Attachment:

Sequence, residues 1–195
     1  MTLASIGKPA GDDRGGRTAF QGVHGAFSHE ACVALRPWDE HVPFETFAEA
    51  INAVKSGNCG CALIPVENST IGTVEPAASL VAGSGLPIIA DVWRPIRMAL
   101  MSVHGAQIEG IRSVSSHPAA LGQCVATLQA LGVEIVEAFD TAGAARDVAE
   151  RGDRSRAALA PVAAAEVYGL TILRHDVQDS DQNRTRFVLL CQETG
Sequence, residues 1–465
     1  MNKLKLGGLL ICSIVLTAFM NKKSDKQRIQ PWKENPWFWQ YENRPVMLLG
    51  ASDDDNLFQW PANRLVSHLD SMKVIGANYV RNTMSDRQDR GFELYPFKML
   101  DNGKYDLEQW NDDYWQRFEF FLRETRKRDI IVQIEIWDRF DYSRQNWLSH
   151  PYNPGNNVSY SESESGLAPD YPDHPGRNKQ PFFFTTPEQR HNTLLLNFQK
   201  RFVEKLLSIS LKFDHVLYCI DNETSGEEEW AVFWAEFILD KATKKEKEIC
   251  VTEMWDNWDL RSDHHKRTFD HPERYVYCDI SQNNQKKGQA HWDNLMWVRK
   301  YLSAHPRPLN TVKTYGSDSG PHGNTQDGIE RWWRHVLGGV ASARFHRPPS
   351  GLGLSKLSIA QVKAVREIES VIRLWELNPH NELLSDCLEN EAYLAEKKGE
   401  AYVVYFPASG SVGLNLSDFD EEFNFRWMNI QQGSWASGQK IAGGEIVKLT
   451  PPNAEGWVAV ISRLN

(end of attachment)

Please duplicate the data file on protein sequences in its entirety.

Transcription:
Sequence, residues 1–195
     1  MTLASIGKPA GDDRGGRTAF QGVHGAFSHE ACVALRPWDE HVPFETFAEA
    51  INAVKSGNCG CALIPVENST IGTVEPAASL VAGSGLPIIA DVWRPIRMAL
   101  MSVHGAQIEG IRSVSSHPAA LGQCVATLQA LGVEIVEAFD TAGAARDVAE
   151  RGDRSRAALA PVAAAEVYGL TILRHDVQDS DQNRTRFVLL CQETG
Sequence, residues 1–465
     1  MNKLKLGGLL ICSIVLTAFM NKKSDKQRIQ PWKENPWFWQ YENRPVMLLG
    51  ASDDDNLFQW PANRLVSHLD SMKVIGANYV RNTMSDRQDR GFELYPFKML
   101  DNGKYDLEQW NDDYWQRFEF FLRETRKRDI IVQIEIWDRF DYSRQNWLSH
   151  PYNPGNNVSY SESESGLAPD YPDHPGRNKQ PFFFTTPEQR HNTLLLNFQK
   201  RFVEKLLSIS LKFDHVLYCI DNETSGEEEW AVFWAEFILD KATKKEKEIC
   251  VTEMWDNWDL RSDHHKRTFD HPERYVYCDI SQNNQKKGQA HWDNLMWVRK
   301  YLSAHPRPLN TVKTYGSDSG PHGNTQDGIE RWWRHVLGGV ASARFHRPPS
   351  GLGLSKLSIA QVKAVREIES VIRLWELNPH NELLSDCLEN EAYLAEKKGE
   401  AYVVYFPASG SVGLNLSDFD EEFNFRWMNI QQGSWASGQK IAGGEIVKLT
   451  PPNAEGWVAV ISRLN